1. Expect to sweat
If you are considering studying in Africa, you must prepare for the climate. Upon arrival in Accra, I was engulfed by the stifling humidity as soon as I descended from the plane. Coming from Southwest Louisiana, I thought I was prepared. However, after three weeks of perpetual sweat that three cold showers a day can’t cure, I can definitely say that I am still not accustomed to the heat. It is relieving, though, to hear my Ghanaian friends even complaining about the climate here in Accra.
2. Your new name is ‘obroni’
If you are a foreigner, and a white one at that, expect to hear this word daily. In the markets, on the streets, by your taxi driver – you will be addressed as 'obroni’ in nearly every place that you go. As an 'obroni,’ you will also be charged exorbitantly higher prices for everything from pineapples in the market to taxi fare to artwork in the local shops. I learned early on that when I am charged a price that seems ridiculous I should cut the price in half and then bargain from there. Learning some words in Twi, one of the many native languages in Ghana, helps considerably.
3. Ghanaian time
Strict time schedules hold far less significance in Ghana than they do in America. In Accra, everyone walks, talks and moves at a leisurely place. Nobody ever seems to be stressed or in a rush. For my first week of classes at the University of Ghana, I woke up two hours ahead of time and arrived for my classes a half hour early only to find that my professors didn’t even show up to lectures on time. I often find myself getting impatient when it takes ten minutes to purchase a pineapple from the local market because the women in the stalls are busy having an animated conversation in Twi. Coming from the fast-paced and often stressful time schedules in America, I am at times frustrated with Ghanaian time. However, I am learning to enjoy that everything here takes time. It’s also just too hot to be in a hurry for anything!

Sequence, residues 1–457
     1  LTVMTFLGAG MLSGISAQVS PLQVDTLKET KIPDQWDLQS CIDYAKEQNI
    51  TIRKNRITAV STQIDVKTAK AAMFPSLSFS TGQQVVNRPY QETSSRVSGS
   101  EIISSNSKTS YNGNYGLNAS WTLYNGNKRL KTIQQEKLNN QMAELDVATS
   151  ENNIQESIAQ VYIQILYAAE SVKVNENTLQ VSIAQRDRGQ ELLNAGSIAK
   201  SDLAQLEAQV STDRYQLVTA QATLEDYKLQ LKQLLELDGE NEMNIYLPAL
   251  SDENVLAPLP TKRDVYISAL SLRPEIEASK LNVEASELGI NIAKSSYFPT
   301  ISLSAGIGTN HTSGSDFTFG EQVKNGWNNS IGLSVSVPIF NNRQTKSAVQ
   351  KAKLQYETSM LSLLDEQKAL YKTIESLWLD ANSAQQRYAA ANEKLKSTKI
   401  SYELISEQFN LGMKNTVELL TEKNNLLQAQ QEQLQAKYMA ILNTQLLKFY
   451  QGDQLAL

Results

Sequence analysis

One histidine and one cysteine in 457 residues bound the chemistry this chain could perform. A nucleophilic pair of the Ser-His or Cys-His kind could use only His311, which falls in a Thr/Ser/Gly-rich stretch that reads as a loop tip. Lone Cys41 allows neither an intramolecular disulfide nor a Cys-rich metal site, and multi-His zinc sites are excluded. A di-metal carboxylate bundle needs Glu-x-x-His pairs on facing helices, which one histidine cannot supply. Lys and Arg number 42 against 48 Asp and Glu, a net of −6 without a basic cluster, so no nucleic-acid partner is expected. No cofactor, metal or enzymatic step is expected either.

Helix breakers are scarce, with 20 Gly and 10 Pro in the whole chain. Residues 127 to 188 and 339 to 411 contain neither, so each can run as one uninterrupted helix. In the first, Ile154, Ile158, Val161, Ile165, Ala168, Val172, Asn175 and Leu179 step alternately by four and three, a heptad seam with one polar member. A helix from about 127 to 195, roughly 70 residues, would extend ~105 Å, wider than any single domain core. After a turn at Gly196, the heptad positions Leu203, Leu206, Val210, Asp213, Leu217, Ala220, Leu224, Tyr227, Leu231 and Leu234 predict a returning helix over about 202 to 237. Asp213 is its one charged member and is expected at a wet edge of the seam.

4. How to appreciate the extraordinary beauty of Ghanaian culture
The adjustment period to living in a new country is undoubtedly a rollercoaster, but every negative experience holds a lesson – whether it be about the culture of your host country or yourself and the ways in which you react to what the world throws at you. It is only after the initial shocks of cultural adjustment that you can begin to enjoy and appreciate the beauty of Ghana. There is a lack of air conditioning, hot water and wifi. Despite that, the local flora and fauna of tropical West Africa, the vibrant colors and patterns of clothing worn by the locals and the pulsing rhythm of Afrobeat music are all facets of life in Accra that I am grateful to experience during my semester abroad.
Like this Story? Also like us on Facebook.